For the 3 hour test, you’ll fast (as opposed to eating before the 1 hour test), get your blood drawn, drink the drink within 5 minutes, and then get your blood drawn every hour on the hour for the next 3 hours. You cannot eat or drink anything during this time, and you cannot leave. Whomp whomp.

If you pass the 3 hour test, congratulations, you DO NOT have gestational diabetes. But if you failed (meaning your levels were unable to bring themselves down), you have gestational diabetes.


What does that mean?

It means a few different things.

Most people are able to control gestational diabetes with diet so you’ll have to start counting your carbs. I was allowed 45 carbs for breakfast, 45 for lunch, and 60 for dinner. I was also allowed two 15 carb snacks throughout the day. (You should get sent to a nutritionist if you end up having it so don’t worry, this will all be explained by a professional). 

You will need to test your blood sugar 4 times a day; once when you first wake up, 1-2 hours after breakfast, 1-2 hours after lunch, and 1-2 hours after dinner. This is to make sure your blood sugar never reaches a point where it shouldn’t.

My body was unable to process sugars after dinner, no matter what I ate. So I was put on a pill called Glyburide that I took an hour before dinner.

Worst case scenario, you may have to take insulin if you cannot control your gestational diabetes with diet or a pill.

Why is it important to keep sugars low? 

If your diabetes isn’t controlled, it can affect your baby. It can cause higher birth weight and size, due to the baby’s pancreas attempting to make more insulin to lower blood sugar. It can also cause low blood sugar and Jaundice, so your baby’s blood sugar will be checked upon delivery. (My son’s was checked right after birth).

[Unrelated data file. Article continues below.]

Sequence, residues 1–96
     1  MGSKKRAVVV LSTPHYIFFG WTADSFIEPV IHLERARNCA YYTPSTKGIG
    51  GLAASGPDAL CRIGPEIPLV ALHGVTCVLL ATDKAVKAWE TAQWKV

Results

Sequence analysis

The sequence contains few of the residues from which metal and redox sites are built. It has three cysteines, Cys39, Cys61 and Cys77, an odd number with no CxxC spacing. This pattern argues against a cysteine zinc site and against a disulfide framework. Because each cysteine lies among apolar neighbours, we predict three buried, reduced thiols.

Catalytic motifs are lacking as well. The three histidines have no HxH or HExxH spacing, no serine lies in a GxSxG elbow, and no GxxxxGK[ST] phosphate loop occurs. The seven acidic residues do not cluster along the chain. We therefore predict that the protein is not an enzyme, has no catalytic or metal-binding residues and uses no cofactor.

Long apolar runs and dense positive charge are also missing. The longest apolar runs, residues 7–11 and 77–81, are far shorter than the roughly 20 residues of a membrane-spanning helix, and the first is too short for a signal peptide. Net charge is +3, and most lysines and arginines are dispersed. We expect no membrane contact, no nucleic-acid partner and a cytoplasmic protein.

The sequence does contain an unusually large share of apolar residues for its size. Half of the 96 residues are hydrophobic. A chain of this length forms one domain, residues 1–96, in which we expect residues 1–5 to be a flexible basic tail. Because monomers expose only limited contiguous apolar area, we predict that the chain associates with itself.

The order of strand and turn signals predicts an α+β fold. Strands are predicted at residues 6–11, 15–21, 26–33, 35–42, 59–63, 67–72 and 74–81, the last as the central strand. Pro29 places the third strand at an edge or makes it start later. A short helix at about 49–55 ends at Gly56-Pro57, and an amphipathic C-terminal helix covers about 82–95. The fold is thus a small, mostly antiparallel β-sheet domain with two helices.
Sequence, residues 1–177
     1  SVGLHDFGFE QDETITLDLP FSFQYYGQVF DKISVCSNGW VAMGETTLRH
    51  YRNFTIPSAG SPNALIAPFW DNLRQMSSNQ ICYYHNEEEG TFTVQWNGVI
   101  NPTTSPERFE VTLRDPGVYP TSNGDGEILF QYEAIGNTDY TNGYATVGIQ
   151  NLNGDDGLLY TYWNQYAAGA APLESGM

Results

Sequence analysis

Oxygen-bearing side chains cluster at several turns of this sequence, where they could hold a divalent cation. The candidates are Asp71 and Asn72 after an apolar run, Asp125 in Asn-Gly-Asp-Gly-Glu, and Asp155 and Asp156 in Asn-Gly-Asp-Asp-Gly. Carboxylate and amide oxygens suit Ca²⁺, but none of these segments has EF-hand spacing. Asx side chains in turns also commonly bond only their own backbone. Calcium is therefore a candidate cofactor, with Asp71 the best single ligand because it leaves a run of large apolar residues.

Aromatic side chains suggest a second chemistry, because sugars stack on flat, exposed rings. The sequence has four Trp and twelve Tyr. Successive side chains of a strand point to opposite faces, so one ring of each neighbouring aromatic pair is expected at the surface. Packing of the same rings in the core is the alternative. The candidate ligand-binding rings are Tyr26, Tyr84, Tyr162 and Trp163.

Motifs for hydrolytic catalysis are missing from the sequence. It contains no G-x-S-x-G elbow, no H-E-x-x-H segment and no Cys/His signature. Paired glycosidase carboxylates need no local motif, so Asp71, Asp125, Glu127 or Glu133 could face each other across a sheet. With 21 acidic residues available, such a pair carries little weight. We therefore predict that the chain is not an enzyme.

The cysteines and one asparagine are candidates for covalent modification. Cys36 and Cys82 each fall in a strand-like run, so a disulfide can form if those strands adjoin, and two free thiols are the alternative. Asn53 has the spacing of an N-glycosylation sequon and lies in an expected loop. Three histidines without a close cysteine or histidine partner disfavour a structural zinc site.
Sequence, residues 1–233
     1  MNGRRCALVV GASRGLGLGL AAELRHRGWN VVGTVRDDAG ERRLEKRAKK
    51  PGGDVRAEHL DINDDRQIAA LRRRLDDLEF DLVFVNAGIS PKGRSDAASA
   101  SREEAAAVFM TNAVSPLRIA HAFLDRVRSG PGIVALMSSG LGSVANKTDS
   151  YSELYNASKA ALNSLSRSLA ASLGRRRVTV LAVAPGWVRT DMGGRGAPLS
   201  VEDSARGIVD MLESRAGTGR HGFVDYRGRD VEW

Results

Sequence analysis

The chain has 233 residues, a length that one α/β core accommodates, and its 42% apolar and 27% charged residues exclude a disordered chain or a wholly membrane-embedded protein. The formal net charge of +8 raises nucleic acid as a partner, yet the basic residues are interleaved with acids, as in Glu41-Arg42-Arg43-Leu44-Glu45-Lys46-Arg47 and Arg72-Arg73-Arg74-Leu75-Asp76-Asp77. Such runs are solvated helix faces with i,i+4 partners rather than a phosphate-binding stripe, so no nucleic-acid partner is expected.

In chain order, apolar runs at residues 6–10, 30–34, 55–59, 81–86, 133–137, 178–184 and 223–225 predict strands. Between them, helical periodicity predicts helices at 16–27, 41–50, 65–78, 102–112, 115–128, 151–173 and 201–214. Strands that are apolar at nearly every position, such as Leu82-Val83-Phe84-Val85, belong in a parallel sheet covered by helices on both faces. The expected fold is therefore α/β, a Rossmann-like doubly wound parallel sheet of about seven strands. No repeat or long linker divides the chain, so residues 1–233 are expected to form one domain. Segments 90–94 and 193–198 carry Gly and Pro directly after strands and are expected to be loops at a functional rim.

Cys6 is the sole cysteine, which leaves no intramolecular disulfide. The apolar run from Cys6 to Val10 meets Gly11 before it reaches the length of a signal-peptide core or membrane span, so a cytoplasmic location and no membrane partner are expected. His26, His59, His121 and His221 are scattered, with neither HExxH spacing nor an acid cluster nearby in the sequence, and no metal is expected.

Will I still have diabetes after delivering the baby?

Most of the time, it just disappears once the baby and Placenta are delivered. However, you may be at risk for developing Type 2 diabetes down the road. So be sure to get screened, eat right, exercise, and maintain an overall healthy lifestyle.

Will I get it during any other pregnancy? 

It’s possible but not a given. I didn’t have it with my second baby and we will find out in the next few weeks if I have it with this one. You will get screened early if you’ve had it in previous pregnancies, usually towards the end of the first trimester, beginning of second trimester. Then you’ll take it again between 24-28 weeks when everyone else takes it.

It’s not the end of the world if you have it. Sure, it sucks being on a diet and watching what you eat while pregnant. But you shouldn’t be “eating for two” anyways! An extra 500 calories a day is all you need so this will just help keep you in check 🙂

I ate a lot of vegetables, tofu, peanut butter, and eggs. But your nutritionist will help you figure all of that out if it comes down to it. Don’t worry too much about it! You can’t do anything to prevent it so why stress over it?

If you have any other questions, feel free to send them my way! There are a lot of misconceptions and rumors going around about both the glucose test and gestational diabetes. So when in doubt, ask your doctor… they know best! xo

Everything you need to know about the glucose test and gestational diabetes